Ruti: The Feldenkrais method develops movements to give the brain more information to replace old habits. Unhealthy physical habits can result from holding on to emotions. Emotions or physical events can cause a limitation or constriction. The habits that are not aligned with our body’s optimal functioning cause physical pain and exacerbate physical and emotional pain.

Marcia: What do you think are your unique strengths as a Feldenkrais teacher?

Ruti: Every practitioner has uniqueness, and mine is I’m bringing in additional connection to mind and body like spirituality and emotional support while we’re working. I’m encouraging talk and also bringing in emotional support.

A lady with multiple sclerosis was shaking and crying while I was manipulating her. Lying on the table while I listened, she had a safe space to come out.

Marcia: I cried after my first Feldenkrais experience? Does that happen with many of your clients, and what’s that about?

Ruti: The crying is a physiological response and also a spiritual one. Emotions accumulate in our body, and some of it goes out and is released. Most of my clients who cry during a session with me are usually releasing childhood pain that was still knocking about.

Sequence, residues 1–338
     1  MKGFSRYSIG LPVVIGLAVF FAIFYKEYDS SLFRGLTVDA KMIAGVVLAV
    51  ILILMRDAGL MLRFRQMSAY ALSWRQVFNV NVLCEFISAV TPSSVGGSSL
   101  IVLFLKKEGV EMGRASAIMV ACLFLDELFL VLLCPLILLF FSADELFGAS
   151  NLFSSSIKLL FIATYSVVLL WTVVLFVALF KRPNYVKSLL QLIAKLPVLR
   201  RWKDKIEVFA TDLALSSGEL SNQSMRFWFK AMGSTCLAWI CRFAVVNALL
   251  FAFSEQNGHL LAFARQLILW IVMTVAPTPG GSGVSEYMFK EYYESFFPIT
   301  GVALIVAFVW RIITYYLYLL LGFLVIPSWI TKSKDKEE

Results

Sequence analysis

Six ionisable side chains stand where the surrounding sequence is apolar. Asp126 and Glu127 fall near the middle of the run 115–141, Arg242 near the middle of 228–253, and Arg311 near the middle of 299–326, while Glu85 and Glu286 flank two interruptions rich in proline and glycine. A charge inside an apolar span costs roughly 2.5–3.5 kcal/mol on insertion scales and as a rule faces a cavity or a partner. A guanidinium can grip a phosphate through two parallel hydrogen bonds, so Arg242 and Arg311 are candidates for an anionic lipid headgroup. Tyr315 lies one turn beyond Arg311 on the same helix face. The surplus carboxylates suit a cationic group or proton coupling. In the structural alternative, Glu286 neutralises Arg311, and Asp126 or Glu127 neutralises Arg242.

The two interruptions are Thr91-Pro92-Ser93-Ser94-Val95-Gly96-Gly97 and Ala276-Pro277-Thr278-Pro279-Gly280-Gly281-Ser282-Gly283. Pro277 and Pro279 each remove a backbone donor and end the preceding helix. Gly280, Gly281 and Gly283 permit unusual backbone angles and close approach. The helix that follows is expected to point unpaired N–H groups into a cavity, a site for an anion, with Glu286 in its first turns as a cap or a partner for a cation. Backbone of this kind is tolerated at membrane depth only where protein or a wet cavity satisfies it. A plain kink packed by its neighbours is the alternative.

Ruti’s last comment sounds like what often occurs in psychotherapy. People’s good mood after a therapy session often results from their having released pent up feelings.

Awareness is Key to Learning in Both Practices

Good couple therapists know that “it takes two to tango.” For a better relationship, each partner needs to practice interacting kindly, respectfully, and lovingly, until they do so naturally. Checking in with oneself should happen routinely as part of the therapy process. In therapy, this can mean being aware of one’s thoughts, feeling, and bodily sensations.

Similarly, Ruti asks us often to check into ourselves. She asks us to notice which parts of our body feel closer to the floor after doing a series of movements. Does one arm or leg feel longer than the other now?

Awareness of the Power of Words

What we say and do can quickly change our mood and our partner’s. During the first part of a marriage meeting, spouses express appreciation to each other. On hearing these words, both partners typically perk up, make eye contact, and smile.

We stand straighter and feel taller after a Feldenkrais session. Similarly, after a good couple therapy session, spouses usually feel expanded with positive feelings about themselves and each other.

The Strength of Imagination

Ruti says that by simply imagining yourself moving a different way trains your brain to let go of old constricting patterns and replace them with habits that reduce or eliminate pain.